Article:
• Data processing is permissible for any lawful purpose with free, specific, informed, and clear consent, defining legitimate uses like state-provided services and critical state functions.

  • Individuals have better rights, including access to their data, requesting corrections and erasure, and withdrawing consent, with specific protections for minors against harmful data processing.

  • Data fiduciaries must ensure data security, accuracy, prompt breach notifications, and data erasure upon consent withdrawal or fulfilment of purpose, with special obligations for significant data fiduciaries.

  • The 2023 Act scales back strict data localization requirements, allowing the government to restrict data transfers to certain countries if necessary, primarily for national security purposes.

  • Certain data processing activities are exempt for legal enforcement, research, and public order, with the government retaining broad powers to exempt entities, impacting uniform data protection measures.

  • The 2023 Act establishes the Data Protection Board of India (DPB) with a limited scope, focusing on data breach prevention and compliance, unlike the powerful Data Protection Authority proposed in 2019.

  • The DPB can impose substantial penalties for non-compliance, and data fiduciaries can settle complaints through voluntary agreements, with appeals directed to the Telecom Disputes Settlement and Appellate Tribunal (TDSAT).

  • Allows the government to block public access to services provided by penalized data fiduciaries based on DPB recommendations, adding significant governmental control over data fiduciaries.

The DPDP Act, 2023 represents a major shift in India’s approach to data protection, aiming to balance regulatory oversight with the flexibility needed for diverse business practices and technological advancements. However, the broad powers granted to the government and the simplified regulatory body may raise concerns about effective oversight and uniform application of the law.

Analyzing the DPDP Act, 2023

How well does the DPDP Act of 2023 protect privacy?

For the first time, the 2023 Act establishes a law in India that governs data privacy. It sets rules requiring consent before personal data can be processed and outlines specific exceptions within the law. The Act gives individuals rights to access, correct, update, and delete their data and to nominate someone to manage their data after their death. It introduces added protections for children’s data and outlines clear responsibilities for businesses, including the need to inform consumers about data collection and ensure data security. The Act also sets up a system for consumers to address grievances through the Data Protection Board (DPB), which also holds the power to impose penalties for non-compliance.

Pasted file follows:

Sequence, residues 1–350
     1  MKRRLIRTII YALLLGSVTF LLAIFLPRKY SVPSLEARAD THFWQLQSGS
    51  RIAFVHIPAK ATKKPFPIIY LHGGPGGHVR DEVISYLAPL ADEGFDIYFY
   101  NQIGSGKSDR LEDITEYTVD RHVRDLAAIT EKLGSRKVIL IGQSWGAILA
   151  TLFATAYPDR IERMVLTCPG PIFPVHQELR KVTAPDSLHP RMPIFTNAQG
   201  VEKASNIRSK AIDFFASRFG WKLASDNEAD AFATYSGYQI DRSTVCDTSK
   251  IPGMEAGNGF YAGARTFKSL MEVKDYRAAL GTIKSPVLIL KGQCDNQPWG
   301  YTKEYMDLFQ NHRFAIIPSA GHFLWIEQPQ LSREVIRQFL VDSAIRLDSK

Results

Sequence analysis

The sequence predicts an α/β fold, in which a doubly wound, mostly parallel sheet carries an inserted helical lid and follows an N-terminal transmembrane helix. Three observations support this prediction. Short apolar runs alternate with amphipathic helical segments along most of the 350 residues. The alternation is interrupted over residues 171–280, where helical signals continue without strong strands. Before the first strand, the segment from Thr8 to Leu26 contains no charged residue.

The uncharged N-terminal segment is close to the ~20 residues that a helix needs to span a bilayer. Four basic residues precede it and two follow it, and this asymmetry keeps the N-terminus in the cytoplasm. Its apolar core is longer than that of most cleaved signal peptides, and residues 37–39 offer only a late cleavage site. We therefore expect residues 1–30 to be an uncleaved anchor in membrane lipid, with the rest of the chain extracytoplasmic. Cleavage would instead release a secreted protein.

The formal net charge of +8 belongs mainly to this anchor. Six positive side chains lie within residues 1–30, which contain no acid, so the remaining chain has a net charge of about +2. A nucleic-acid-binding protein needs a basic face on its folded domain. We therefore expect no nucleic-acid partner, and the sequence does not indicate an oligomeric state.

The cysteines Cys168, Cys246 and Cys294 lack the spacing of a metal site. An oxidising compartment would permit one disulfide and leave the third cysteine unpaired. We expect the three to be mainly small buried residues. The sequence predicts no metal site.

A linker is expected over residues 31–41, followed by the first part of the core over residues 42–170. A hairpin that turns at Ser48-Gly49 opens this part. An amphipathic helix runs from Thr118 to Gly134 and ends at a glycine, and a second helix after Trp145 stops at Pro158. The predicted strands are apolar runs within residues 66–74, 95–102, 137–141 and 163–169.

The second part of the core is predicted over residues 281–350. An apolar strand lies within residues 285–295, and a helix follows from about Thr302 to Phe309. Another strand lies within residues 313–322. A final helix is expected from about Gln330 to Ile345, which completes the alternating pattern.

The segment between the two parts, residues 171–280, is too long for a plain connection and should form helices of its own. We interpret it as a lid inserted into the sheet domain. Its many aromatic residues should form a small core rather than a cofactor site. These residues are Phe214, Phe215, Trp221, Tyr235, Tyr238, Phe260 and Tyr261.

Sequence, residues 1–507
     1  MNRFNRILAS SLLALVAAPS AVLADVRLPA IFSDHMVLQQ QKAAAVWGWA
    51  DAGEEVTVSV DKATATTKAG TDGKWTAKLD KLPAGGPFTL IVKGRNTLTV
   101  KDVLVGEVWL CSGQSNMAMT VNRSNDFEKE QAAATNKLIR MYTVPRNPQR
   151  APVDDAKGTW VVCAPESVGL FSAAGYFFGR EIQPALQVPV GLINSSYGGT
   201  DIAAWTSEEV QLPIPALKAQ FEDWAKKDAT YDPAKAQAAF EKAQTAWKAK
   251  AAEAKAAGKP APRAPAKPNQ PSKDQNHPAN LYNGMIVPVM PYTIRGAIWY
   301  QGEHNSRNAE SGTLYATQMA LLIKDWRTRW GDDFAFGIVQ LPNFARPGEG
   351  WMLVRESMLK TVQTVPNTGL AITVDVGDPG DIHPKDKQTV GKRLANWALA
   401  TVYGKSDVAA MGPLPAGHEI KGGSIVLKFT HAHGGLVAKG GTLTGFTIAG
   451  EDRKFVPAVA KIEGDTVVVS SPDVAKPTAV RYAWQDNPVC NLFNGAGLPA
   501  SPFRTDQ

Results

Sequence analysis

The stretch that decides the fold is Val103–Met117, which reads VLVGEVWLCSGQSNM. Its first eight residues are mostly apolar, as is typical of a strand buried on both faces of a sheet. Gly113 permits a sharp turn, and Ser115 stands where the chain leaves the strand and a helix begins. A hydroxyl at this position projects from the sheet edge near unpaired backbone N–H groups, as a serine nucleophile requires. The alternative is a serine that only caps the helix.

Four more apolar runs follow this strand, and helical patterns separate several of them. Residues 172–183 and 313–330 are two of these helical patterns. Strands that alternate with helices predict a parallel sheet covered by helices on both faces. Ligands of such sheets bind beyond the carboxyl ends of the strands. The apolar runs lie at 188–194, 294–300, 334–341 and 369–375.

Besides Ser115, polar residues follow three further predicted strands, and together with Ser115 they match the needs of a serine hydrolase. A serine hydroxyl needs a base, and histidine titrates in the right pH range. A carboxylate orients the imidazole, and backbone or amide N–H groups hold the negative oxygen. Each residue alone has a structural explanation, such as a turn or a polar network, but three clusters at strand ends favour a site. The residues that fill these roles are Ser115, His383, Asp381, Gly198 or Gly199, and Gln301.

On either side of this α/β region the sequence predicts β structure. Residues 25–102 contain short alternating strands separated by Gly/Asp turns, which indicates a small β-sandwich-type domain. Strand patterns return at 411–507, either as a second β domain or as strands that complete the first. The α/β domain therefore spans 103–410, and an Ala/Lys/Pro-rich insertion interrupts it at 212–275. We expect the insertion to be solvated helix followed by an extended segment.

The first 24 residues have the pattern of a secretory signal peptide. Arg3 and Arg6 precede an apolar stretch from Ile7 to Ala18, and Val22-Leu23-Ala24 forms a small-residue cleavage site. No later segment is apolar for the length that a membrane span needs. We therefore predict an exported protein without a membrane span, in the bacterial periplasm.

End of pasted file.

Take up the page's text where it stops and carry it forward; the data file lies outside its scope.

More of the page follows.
This new legal framework aims to establish basic standards of behaviour and compliance for data-collecting businesses over time. The effectiveness of the law will largely depend on how it's implemented and enforced, such as whether the focus will be on data-heavy industries or applied more broadly across the economy.

Potential Issues with the Act:

Despite the establishment of a framework, there are concerns regarding certain provisions of the Act that could potentially weaken the protections it intends to offer:

  • State Exemptions: The Act allows significant exceptions for state functions, which could potentially over-empower the government compared to private entities. For instance, the law might let the government bypass consent requirements under certain broad circumstances like government service provisions, which could lead to extensive data pooling by government agencies without strict purpose limitations.